Review Summary: Here lies Taylor Swift's reputation.
“Go ahead and light me up,” Taylor Swift sings on the chorus to “I Did Something Bad”, her voice a distorted middle finger as another Max Martin & Shellback EDM-lite track lifts off, the sound of a hundred thousand dollars in production burning like so much kindling. And so it was done. If the rollout to Reputation
was designed to evoke the strongest possible backlash from the world at large – and not the four million guaranteed fans that clogged up iTunes server at the stroke of midnight Friday – it succeeded beyond its wildest dreams. “Look What You Made Me Do” was the fifth No. 1 single of Swift’s career, despite everything about it, from the Zapruder film-esque, cluttered music video to the Right Said Fred chorus, being almost universally mocked. It was also a notable failure, having been kicked out of the number one spot within three weeks to make room for the new wave of pop music, artists like Post Malone and Logic. Follow-up singles “…Ready For It",” “Gorgeous,” and “Call It What You Want” have largely suffered the same fate, breaking into the mainstream consciousness largely to be laughed at before drowning into the back half of the Hot 100. Part of this is her songwriting, which has rarely seemed more out of touch. “…Ready For It” sinks a potentially huge hook with an obnoxious, stiff beat and Swift’s questionable rapping, and the various problems sabotaging “Look What You Made Me Do” have been clicked to death. Both “Gorgeous” and “Call It What You Want” are certainly improvements, particularly the respectably odd, throwback vibe to the spacey production on “Gorgeous”, but neither made a dent in the charts.
New York Times
writer Jon Caramanica once said, writing about 1989
, that Swift’s appeal is based on writing music that stakes its claim to a period “when pop was less hybrid”: read, not so much of that damn hip-hop. That perspective, a natural outgrowth of her Nashville roots and reticence to write songs about anything out than falling for someone or falling apart, was only reinforced by the events of the past week or so, where buckets of virtual ink were spilled about the American alt-right’s attraction to Swift and her music as symbols of white purity. Swift’s response – or, rather, her lawyer’s response – was embarrassingly tone deaf and exacerbated what was largely a manufactured issue, but it highlighted something that hasn’t gone unnoticed about Swift. The only controversy she prefers to court revolves around her, and only her. She is an industry unto herself. This is the focus of some of her best songs, and a blind spot in her music that the new faces of the Hot 100 have taken advantage of. Pop in 2017 is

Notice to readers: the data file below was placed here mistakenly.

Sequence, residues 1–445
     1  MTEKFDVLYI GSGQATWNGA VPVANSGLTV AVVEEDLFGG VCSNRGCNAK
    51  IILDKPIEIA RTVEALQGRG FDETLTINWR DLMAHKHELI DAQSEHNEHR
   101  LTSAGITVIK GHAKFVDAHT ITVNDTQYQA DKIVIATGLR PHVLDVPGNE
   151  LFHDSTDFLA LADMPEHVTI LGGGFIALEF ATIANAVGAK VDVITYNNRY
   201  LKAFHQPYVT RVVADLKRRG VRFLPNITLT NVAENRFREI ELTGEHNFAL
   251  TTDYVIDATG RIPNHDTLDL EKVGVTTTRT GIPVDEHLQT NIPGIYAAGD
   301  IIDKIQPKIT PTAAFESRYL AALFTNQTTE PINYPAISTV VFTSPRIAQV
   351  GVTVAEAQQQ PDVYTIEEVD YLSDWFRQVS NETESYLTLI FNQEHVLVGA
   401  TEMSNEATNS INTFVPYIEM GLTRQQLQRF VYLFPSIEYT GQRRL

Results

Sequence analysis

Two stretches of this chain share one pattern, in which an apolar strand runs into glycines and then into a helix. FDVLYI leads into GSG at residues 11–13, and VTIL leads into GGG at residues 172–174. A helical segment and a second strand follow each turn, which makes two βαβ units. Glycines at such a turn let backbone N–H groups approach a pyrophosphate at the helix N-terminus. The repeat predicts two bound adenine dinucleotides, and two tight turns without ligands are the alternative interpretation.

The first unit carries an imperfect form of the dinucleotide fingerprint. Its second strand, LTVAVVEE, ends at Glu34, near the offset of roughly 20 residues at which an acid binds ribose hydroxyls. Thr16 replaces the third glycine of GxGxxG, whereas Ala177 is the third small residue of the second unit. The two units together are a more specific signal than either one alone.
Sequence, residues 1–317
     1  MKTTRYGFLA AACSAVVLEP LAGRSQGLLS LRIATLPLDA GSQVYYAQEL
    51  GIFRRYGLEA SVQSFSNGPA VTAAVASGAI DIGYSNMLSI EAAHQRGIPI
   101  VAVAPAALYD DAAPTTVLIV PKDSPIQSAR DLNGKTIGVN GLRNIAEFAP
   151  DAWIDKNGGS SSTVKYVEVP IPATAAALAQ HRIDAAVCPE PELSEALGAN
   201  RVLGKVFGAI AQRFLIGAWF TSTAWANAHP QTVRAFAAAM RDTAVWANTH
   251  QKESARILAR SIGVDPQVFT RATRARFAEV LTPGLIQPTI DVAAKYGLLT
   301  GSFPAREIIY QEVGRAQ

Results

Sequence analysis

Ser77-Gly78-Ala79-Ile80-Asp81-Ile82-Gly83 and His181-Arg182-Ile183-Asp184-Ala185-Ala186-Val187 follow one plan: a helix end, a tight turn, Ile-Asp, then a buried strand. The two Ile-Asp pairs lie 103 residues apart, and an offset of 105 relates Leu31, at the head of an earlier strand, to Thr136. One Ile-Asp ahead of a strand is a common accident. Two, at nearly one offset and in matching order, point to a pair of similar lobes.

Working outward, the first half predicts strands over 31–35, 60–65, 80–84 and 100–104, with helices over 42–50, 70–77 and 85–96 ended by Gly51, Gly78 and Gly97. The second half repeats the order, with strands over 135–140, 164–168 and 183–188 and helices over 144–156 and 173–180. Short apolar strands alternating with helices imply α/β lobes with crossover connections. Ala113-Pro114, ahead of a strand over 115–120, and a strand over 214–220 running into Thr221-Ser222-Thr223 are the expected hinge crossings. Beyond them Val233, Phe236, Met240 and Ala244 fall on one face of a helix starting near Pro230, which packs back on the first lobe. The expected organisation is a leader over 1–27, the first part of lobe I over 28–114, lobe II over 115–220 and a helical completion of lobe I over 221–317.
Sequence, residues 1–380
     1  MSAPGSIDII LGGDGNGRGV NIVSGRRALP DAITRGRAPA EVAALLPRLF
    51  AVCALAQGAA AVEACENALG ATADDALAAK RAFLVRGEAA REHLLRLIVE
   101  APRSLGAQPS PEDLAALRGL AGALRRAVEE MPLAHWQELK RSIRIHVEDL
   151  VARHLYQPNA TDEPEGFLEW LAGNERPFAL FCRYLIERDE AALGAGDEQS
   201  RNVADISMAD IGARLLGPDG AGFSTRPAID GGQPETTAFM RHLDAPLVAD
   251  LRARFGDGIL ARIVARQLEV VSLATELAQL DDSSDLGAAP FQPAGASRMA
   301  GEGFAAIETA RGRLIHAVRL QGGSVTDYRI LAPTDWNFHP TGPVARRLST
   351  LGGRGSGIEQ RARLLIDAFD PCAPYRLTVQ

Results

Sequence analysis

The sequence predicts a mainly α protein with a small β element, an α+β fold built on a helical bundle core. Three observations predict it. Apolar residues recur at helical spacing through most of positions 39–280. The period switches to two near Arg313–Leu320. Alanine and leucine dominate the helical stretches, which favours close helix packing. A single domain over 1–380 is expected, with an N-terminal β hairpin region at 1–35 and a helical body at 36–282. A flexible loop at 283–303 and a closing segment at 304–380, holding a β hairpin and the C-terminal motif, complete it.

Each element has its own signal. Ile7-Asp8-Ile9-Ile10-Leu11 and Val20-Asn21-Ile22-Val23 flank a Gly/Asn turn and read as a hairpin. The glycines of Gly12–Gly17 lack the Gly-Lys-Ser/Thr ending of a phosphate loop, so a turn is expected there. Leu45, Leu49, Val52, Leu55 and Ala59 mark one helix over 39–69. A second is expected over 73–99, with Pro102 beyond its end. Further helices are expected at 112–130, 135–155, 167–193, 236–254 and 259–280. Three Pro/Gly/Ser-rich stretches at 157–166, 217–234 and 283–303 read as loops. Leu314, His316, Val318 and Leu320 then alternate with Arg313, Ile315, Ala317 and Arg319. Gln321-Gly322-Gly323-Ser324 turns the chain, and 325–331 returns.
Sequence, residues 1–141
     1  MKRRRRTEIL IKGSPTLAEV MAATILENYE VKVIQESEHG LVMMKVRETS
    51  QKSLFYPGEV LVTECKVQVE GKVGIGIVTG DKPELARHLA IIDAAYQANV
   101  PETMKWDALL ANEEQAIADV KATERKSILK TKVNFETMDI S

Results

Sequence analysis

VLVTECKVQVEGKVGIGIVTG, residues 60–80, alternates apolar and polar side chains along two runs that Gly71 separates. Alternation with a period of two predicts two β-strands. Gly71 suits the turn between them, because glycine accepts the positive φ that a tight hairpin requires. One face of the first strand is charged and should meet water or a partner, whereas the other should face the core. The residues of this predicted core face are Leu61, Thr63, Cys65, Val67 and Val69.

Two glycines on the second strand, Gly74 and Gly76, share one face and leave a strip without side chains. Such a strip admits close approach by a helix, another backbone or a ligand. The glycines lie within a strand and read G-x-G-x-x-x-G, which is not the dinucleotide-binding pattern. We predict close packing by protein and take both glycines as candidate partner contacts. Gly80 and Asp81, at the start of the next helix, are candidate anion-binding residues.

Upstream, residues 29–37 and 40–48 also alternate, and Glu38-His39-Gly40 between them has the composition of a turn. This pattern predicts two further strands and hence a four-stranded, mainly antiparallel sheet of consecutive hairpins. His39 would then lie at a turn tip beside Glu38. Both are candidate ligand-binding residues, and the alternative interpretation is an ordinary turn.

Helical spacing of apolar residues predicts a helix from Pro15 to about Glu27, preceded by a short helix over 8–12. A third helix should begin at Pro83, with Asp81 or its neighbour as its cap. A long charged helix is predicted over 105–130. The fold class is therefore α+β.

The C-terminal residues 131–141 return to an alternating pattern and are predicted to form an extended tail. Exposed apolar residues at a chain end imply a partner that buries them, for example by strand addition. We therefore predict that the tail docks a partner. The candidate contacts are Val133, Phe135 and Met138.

hip-hop, and is marked by a social awareness of a particularly fraught time in Swift’s home country, where artists are almost expected to take a stand about something, politically or otherwise. That has never been Swift’s bag – her biggest stands have been against Katy Perry, John Mayer (RIP), and Kanye West, who still merits a couple veiled shout outs here.
tackles one of these problems by finally giving into hip-hop as a noticeable influence on her own songwriting, although with a first single like “Look What You Made Me Do,” you almost wished she hadn’t. Much of the album is geared towards the club, most successfully the bruising wall of sound Martin & Shellback stuff into “I Did Something Bad” and the gospel-tinged, wobbly “Don’t Blame Me”, which begs for a more nimble voice than Swift can give. Where once Swift released landmark albums that set how pop radio was going to sound for the next year or so, Reputation